Chapter 63. Embedding Gradle

63.1. Introduction to the Tooling API

The 1.0 milestone 3 release brought a new API called the tooling API, which you can use for embedding Gradle into your own custom software. This API allows you to execute and monitor builds, and to query Gradle about the details of a build. The main audience for this API will be IDEs, CI servers, other UI authors, or integration testing of your Gradle plugins. However, it is open for anyone who needs to embed Gradle in their application.

A fundamental characteristic of the tooling API is that it operates in a version independent way. This means that you can use the same API to work with different target versions of Gradle. The tooling API is Gradle wrapper aware and, by default, uses the same target Gradle version as that used by the wrapper-powered project.

Some features that the tooling API provides today:

  • You can query Gradle for the details of a build, including the project hierarchy and the project dependencies, external dependencies (including source and Javadoc jars), source directories and tasks of each project.
  • You can execute a build and listen to stdout and stderr logging and progress (e.g. the stuff shown in the 'status bar' when you run on the command line).
  • Tooling API can download and install the appropriate Gradle version, similar to the wrapper. Bear in mind that the tooling API is wrapper aware so you should not need to configure a Gradle distribution directly.
  • The implementation is lightweight, with only a small number of dependencies. It is also a well-behaved library, and makes no assumptions about your classloader structure or logging configuration. This makes the API easy to bundle in your application.

In the future we may support other interesting features:

  • Performance. The API gives us the opportunity to do lots of caching, static analysis and preemptive work, to make things faster for the user.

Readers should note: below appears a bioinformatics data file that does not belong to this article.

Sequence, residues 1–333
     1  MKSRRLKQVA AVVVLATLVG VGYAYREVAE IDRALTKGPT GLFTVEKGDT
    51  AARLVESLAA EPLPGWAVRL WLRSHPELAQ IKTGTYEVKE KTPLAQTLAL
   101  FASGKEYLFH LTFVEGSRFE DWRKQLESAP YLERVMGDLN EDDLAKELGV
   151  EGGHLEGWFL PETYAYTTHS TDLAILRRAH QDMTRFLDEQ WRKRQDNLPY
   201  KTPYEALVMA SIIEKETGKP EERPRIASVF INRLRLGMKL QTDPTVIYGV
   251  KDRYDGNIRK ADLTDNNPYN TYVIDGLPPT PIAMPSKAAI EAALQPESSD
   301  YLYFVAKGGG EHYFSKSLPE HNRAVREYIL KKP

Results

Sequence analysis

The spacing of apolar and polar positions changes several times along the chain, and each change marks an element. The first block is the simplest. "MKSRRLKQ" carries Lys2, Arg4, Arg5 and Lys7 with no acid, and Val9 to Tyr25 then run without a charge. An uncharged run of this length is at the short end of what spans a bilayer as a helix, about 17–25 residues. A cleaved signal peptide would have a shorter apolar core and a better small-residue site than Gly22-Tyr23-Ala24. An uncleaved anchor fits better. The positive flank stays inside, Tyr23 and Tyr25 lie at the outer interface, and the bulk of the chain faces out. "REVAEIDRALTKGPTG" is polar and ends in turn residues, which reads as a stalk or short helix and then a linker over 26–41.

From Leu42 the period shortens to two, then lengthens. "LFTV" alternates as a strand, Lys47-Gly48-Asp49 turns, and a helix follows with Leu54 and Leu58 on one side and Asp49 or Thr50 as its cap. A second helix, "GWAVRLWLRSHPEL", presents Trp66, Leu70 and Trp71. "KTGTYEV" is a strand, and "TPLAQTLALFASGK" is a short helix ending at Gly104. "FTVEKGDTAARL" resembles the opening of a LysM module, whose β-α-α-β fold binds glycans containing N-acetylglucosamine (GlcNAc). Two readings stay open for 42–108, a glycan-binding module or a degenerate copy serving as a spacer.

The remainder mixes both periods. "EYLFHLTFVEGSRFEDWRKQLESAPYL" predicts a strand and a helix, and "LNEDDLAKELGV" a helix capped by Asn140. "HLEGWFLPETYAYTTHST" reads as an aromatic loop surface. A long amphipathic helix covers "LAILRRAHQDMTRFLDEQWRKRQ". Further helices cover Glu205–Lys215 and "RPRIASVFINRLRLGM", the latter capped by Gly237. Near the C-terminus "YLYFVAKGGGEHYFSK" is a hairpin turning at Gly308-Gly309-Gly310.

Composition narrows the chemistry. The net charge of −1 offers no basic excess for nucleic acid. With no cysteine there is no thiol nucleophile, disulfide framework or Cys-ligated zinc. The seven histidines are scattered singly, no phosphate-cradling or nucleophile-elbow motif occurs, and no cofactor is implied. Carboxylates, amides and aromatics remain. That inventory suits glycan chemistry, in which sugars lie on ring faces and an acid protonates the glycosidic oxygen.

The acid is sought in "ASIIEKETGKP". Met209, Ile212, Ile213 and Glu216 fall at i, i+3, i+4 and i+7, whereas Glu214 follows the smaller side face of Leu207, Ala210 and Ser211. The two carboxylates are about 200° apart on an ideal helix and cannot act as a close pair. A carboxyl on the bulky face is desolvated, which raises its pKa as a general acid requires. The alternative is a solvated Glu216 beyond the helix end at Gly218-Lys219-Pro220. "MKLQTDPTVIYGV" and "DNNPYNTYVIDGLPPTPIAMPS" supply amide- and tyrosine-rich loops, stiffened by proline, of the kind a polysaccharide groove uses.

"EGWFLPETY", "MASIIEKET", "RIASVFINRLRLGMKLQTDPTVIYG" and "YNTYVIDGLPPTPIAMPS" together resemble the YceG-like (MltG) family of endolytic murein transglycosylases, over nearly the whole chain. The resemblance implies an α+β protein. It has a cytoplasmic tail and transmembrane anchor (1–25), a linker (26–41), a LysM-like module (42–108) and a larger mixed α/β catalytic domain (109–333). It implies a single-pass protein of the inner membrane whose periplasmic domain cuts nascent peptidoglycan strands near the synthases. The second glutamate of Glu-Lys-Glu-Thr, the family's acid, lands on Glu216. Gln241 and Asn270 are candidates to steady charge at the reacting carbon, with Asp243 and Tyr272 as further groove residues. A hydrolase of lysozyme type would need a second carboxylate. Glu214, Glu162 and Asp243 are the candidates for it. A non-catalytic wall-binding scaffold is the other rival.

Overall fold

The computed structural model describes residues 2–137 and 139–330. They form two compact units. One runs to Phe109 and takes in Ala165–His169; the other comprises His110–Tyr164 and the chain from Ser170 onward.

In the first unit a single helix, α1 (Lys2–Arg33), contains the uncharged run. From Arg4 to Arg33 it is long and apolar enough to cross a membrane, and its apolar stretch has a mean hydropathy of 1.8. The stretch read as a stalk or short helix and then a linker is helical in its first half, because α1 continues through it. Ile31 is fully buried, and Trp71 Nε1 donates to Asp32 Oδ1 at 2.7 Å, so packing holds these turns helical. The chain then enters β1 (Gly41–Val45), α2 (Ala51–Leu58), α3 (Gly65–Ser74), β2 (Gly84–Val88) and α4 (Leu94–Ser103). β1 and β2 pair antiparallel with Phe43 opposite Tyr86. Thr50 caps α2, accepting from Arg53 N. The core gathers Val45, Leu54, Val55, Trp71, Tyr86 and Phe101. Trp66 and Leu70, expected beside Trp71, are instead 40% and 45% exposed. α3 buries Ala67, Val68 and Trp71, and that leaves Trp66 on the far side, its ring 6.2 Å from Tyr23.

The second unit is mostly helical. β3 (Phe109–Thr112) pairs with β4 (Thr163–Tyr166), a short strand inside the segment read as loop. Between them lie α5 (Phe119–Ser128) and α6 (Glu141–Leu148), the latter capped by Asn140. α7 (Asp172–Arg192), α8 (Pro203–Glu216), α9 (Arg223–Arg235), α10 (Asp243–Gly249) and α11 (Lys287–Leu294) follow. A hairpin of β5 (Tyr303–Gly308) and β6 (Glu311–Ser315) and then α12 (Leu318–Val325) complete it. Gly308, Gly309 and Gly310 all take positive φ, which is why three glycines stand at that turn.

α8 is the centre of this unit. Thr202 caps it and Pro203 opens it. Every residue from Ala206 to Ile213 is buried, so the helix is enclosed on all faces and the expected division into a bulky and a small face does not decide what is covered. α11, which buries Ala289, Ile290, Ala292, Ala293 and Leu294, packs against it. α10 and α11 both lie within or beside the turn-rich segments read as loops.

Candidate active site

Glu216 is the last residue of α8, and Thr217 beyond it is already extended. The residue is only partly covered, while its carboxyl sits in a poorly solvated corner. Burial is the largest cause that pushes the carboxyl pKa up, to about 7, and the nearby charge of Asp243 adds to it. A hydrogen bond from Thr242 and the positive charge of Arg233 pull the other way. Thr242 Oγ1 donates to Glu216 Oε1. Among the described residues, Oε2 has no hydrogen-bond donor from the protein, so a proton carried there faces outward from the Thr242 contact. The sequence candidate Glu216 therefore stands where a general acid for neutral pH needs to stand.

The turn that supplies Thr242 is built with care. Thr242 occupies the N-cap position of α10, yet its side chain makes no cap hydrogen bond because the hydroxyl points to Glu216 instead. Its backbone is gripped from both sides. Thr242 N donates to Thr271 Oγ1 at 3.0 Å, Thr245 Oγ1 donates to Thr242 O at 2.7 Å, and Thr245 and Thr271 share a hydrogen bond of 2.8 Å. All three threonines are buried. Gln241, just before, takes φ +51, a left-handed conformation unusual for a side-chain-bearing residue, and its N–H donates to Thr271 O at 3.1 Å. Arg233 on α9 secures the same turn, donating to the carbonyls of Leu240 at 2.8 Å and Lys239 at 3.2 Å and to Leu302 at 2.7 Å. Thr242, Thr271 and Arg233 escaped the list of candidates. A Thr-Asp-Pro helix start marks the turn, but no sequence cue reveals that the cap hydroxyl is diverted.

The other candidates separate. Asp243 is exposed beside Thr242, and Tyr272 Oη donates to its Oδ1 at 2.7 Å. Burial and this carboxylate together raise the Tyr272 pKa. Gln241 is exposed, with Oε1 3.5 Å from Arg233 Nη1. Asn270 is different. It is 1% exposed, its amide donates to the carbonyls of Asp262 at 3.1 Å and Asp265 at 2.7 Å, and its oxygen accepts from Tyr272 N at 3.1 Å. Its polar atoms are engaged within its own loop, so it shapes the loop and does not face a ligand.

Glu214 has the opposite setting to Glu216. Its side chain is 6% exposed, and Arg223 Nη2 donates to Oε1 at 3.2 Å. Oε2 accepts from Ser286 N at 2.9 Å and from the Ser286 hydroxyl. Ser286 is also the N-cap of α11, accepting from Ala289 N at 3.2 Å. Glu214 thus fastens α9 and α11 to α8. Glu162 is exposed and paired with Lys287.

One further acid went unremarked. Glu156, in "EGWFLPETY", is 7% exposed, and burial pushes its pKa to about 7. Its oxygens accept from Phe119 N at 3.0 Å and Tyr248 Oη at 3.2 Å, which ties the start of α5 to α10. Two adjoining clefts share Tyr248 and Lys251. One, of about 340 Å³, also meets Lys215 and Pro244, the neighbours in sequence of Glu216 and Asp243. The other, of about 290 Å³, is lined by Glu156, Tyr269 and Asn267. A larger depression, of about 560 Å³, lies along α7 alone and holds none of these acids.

• Better progress monitoring and build cancellation. For example, allowing test execution to be monitored.
  • Notifications when things in the build change, so that UIs and models can be updated. For example, your Eclipse or IDEA project will update immediately, in the background.
  • Validating and prompting for user supplied configuration.
  • Prompting for and managing user credentials.

63.2. Tooling API and the Gradle Build Daemon

Please take a look at 19章Gradleデーモン . The Tooling API uses the daemon all the time. In fact, you cannot officially use the Tooling API without the daemon. This means that subsequent calls to the Tooling API, be it model building requests or task executing requests can be executed in the same long-living process. 19章Gradleデーモン contains more details about the daemon, specifically information on situations when new daemons are forked.

63.3. Quickstart

As the tooling API is an interface for developers, the Javadoc is the main documentation for it. This is exactly our intention - we don't expect this chapter to grow very much. Instead we will add more code samples and improve the Javadoc documentation. The main entry point to the tooling API is the GradleConnector. You can navigate from there to find code samples and other instructions. Another very important set of resources are the samples that live in “$gradleHome/samples/toolingApi”. These samples also specify all of the required dependencies for the Tooling API, along with the suggested repositories to obtain the jars from.